Penn State notebook: Gress tackles several spots on line
By Chris Adamski
Published: Tuesday, Nov. 5, 2013, 6:06 p.m.
On a team that's had safeties move to linebacker, cornerbacks switch to safety (and back), wide receivers become tight ends and tight ends transition to tackle, having an offensive tackle bounce between the left and right side might seem trivial.
Not so, Penn State coach Bill O'Brien said.
“It's difficult,” O'Brien said. “Some guys have trouble just getting in (the opposite) handed stance.”
West Mifflin's Adam Gress is not one of those guys.
Gress, a fifth-year senior, has started games at both tackles this season. His first outing at left tackle came in last week's 24-17 overtime win against Illinois.
Gress is listed as a co-starter on both sides on the official depth chart in advance of the Lions' game at Minnesota on Saturday.
“I practiced enough on both sides that it feels comfortable,” Gress said. “It feels completely natural.”
Gress and Garry Gilliam had shared right tackle through the season's first seven games with redshirt sophomore Donovan Smith at left tackle.
But a poor performance by the line in a 63-14 loss Oct. 26 at Ohio State caused a slight shakeup.
O'Brien said the line play was better against the Illini. All three tackles played significant snaps, with the 320-pound Gress earning the greatest praise from O'Brien.
“He's a very large human being, a bright guy, a physical player and hard to rush around,” O'Brien said. “So we like to try to use him on both sides. He's definitely a swing tackle, and so is Garry. Garry can play right to left, too, and Donovan is primarily a left tackle.
“So we have a good luxury there. And Gress is a guy that can do both and has done it pretty well.”
Redshirt freshman running back Akeel Lynch did not have a carry Saturday against Illinois. O'Brien finally let it be known why.
“In the Ohio State game, he sprained his MCL, and he's day-to-day with that,” O'Brien said. “And that's why he didn't play in the Illinois game. I'm not sure if I mentioned that last week. I apologize for that.”
Lynch has 305 rushing yards on 46 carries for a team-best 6.6 average this season.
‘Comfortable' at corner
O'Brien said Adrian Amos played his best game of the season against Illinois, his second game fully back at cornerback after spending most of the first six games at safety.
“Of course, it's going to be more natural for me to go back and play corner,” said Amos, who started all 12 games at cornerback in 2012. “I'm comfortable playing corner, and back-guy corner.”
Incidentally, Amos, a Baltimore native, is a Ravens fan. But that wasn't the only team whose fans he regularly encountered while growing up.
“There are some Pittsburgh fans in Baltimore,” he said. “I don't understand it.”
After having 36 carries against Illinois, Bill Belton is on a limited-contact practice schedule this week. … Minnesota coach Jerry Kill will stay in the coaches' box for the game Saturday. Kill is on leave to treat his epilepsy. … Gophers quarterback Phillip Nelson is coming off a 298-yard, four-touchdown passing performance and is expected to play against Penn State despite a hip injury. … O'Brien: “We don't allow any hazing at Penn State. I'd say if anybody gets hazed, it's the coaches. The players bust our chops.”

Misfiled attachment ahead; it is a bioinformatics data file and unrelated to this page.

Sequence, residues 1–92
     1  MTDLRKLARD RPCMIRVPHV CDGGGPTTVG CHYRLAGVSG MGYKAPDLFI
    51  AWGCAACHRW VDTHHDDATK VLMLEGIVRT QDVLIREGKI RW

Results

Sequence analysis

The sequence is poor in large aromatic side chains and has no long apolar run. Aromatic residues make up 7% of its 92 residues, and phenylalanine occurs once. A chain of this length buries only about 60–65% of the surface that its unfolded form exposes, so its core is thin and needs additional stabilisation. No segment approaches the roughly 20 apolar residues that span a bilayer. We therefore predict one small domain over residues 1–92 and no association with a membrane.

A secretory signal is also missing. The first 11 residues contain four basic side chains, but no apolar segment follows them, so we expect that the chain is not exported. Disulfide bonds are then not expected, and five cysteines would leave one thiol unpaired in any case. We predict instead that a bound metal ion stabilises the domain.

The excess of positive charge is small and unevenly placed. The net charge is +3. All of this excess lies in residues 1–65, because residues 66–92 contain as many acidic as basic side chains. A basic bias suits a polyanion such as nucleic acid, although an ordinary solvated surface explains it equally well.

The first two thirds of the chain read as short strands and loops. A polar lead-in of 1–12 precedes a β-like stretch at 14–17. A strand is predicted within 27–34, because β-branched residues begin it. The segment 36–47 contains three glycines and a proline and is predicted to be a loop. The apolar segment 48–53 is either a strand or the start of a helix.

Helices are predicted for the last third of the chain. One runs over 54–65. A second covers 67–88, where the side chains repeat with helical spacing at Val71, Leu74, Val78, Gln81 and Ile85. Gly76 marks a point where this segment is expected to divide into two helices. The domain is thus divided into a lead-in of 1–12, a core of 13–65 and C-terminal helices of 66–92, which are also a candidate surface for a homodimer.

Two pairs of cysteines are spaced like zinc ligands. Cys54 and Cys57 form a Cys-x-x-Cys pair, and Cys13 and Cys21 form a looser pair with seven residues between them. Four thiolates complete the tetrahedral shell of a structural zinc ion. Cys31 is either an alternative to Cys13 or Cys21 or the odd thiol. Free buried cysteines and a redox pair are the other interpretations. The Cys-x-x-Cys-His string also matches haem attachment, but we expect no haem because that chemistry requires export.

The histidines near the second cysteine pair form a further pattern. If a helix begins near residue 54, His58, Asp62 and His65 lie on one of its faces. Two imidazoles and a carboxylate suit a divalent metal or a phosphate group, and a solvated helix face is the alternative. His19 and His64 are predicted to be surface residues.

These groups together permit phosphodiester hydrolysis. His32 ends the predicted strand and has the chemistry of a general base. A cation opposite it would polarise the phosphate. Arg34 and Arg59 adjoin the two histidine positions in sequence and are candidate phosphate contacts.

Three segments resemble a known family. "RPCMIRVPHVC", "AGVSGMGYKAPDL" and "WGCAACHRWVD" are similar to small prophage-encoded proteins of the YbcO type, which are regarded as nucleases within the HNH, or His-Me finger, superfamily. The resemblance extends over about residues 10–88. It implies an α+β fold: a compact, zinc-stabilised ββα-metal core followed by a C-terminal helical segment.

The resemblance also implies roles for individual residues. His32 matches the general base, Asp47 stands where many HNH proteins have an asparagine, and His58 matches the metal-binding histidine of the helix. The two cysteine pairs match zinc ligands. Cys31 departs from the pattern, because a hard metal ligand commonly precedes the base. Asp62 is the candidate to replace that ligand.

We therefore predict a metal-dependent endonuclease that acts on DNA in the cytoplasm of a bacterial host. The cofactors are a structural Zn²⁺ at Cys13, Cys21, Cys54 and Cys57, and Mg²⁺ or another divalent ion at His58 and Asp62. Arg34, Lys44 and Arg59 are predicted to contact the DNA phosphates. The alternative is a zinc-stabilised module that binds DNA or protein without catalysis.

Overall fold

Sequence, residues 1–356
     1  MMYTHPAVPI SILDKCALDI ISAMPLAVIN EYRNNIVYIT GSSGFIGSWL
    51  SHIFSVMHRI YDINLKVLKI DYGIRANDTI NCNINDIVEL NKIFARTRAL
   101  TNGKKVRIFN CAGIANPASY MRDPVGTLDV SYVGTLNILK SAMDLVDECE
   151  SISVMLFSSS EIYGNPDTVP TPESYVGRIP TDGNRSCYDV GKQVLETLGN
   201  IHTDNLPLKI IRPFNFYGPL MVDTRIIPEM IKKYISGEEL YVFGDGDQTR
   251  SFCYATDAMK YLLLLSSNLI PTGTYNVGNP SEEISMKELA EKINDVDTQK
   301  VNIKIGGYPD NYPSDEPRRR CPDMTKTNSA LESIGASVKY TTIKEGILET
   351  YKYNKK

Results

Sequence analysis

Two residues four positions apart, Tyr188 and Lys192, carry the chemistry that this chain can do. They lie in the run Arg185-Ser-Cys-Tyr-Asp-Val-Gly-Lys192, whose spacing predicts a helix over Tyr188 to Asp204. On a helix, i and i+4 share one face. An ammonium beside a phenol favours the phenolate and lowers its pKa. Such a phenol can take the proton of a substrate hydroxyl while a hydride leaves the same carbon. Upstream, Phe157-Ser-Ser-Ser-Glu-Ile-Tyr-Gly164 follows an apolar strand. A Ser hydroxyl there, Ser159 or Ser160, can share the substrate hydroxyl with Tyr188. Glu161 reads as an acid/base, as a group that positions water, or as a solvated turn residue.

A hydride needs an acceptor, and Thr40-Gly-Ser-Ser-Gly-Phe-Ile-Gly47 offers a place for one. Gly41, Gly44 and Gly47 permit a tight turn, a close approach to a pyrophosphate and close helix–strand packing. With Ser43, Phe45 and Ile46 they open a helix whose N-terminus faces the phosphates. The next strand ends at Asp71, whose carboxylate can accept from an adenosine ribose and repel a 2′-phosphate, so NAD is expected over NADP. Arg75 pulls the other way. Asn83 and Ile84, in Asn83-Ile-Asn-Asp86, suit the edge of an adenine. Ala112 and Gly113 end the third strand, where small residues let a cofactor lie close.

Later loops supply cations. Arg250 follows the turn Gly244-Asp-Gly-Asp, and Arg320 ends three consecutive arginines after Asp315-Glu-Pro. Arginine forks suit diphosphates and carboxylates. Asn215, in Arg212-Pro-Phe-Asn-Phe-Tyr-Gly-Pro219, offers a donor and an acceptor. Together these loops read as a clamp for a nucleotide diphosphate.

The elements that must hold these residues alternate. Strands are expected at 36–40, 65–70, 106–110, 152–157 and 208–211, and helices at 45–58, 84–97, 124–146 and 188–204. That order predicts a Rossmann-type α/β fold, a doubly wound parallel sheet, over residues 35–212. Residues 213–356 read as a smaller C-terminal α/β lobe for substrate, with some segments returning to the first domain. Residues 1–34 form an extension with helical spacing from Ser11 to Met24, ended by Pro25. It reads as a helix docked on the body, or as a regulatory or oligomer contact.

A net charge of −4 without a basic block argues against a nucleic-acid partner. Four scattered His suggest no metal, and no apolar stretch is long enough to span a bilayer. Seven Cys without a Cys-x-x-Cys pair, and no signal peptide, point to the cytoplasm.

Chris Adamski is a staff writer for Trib Total Media. He can be reached at email@example.com or via Twitter @C_AdamskiTrib.
Show commenting policy
TribLive commenting policy
You are solely responsible for your comments and by using TribLive.com you agree to our Terms of Service.
We moderate comments. Our goal is to provide substantive commentary for a general readership. By screening submissions, we provide a space where readers can share intelligent and informed commentary that enhances the quality of our news and information.
While most comments will be posted if they are on-topic and not abusive, moderating decisions are subjective. We will make them as carefully and consistently as we can. Because of the volume of reader comments, we cannot review individual moderation decisions with readers.
We value thoughtful comments representing a range of views that make their point quickly and politely. We make an effort to protect discussions from repeated comments either by the same reader or different readers.
We follow the same standards for taste as the daily newspaper. A few things we won't tolerate: personal attacks, obscenity, vulgarity, profanity (including expletives and letters followed by dashes), commercial promotion, impersonations, incoherence, proselytizing and SHOUTING. Don't include URLs to Web sites.
We do not edit comments. They are either approved or deleted. We reserve the right to edit a comment that is quoted or excerpted in an article. In this case, we may fix spelling and punctuation.
We welcome strong opinions and criticism of our work, but we don't want comments to become bogged down with discussions of our policies and we will moderate accordingly.
We appreciate it when readers and people quoted in articles or blog posts point out errors of fact or emphasis and will investigate all assertions. But these suggestions should be sent via e-mail. To avoid distracting other readers, we won't publish comments that suggest a correction. Instead, corrections will be made in a blog post or in an article.
- Analysis: Steelers could fill needs with free agents while not spending big bucks
- Steelers to release LaMarr Woodley; Taylor restructures contract
- Crosby lifts Penguins over Capitals in last game of road trip
- Sbarro again files for bankruptcy reorganization
- Community cooperation credited in Glassport shooting arrests
- Charges expected in fatal Duquesne accident
- Health secretary sees benefits of SPHS Primary Care
- Lincoln Way upgrade begins
- Bill would limit private meeting circumstances
- Job cuts at AGH part of ‘strategic’ process
- Mt. Pleasant Rotary makes donations to community organizations